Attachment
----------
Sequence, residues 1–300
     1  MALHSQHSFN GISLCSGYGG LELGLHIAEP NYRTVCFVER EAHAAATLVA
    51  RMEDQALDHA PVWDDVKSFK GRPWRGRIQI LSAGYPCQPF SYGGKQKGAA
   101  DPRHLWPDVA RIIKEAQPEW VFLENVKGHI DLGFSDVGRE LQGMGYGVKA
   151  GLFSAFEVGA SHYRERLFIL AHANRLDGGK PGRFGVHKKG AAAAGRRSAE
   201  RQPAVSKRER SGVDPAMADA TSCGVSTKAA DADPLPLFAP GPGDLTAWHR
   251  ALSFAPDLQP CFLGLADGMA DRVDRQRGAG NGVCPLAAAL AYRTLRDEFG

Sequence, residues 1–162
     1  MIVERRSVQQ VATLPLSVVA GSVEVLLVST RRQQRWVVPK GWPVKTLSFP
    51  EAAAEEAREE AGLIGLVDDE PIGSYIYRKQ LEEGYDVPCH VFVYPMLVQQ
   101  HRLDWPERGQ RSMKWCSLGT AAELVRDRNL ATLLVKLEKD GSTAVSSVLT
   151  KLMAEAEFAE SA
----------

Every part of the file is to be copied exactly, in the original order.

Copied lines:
Sequence, residues 1–300
     1  MALHSQHSFN GISLCSGYGG LELGLHIAEP NYRTVCFVER EAHAAATLVA
    51  RMEDQALDHA PVWDDVKSFK GRPWRGRIQI LSAGYPCQPF SYGGKQKGAA
   101  DPRHLWPDVA RIIKEAQPEW VFLENVKGHI DLGFSDVGRE LQGMGYGVKA
   151  GLFSAFEVGA SHYRERLFIL AHANRLDGGK PGRFGVHKKG AAAAGRRSAE
   201  RQPAVSKRER SGVDPAMADA TSCGVSTKAA DADPLPLFAP GPGDLTAWHR
   251  ALSFAPDLQP CFLGLADGMA DRVDRQRGAG NGVCPLAAAL AYRTLRDEFG

Sequence, residues 1–162
     1  MIVERRSVQQ VATLPLSVVA GSVEVLLVST RRQQRWVVPK GWPVKTLSFP
    51  EAAAEEAREE AGLIGLVDDE PIGSYIYRKQ LEEGYDVPCH VFVYPMLVQQ
   101  HRLDWPERGQ RSMKWCSLGT AAELVRDRNL ATLLVKLEKD GSTAVSSVLT
   151  KLMAEAEFAE SA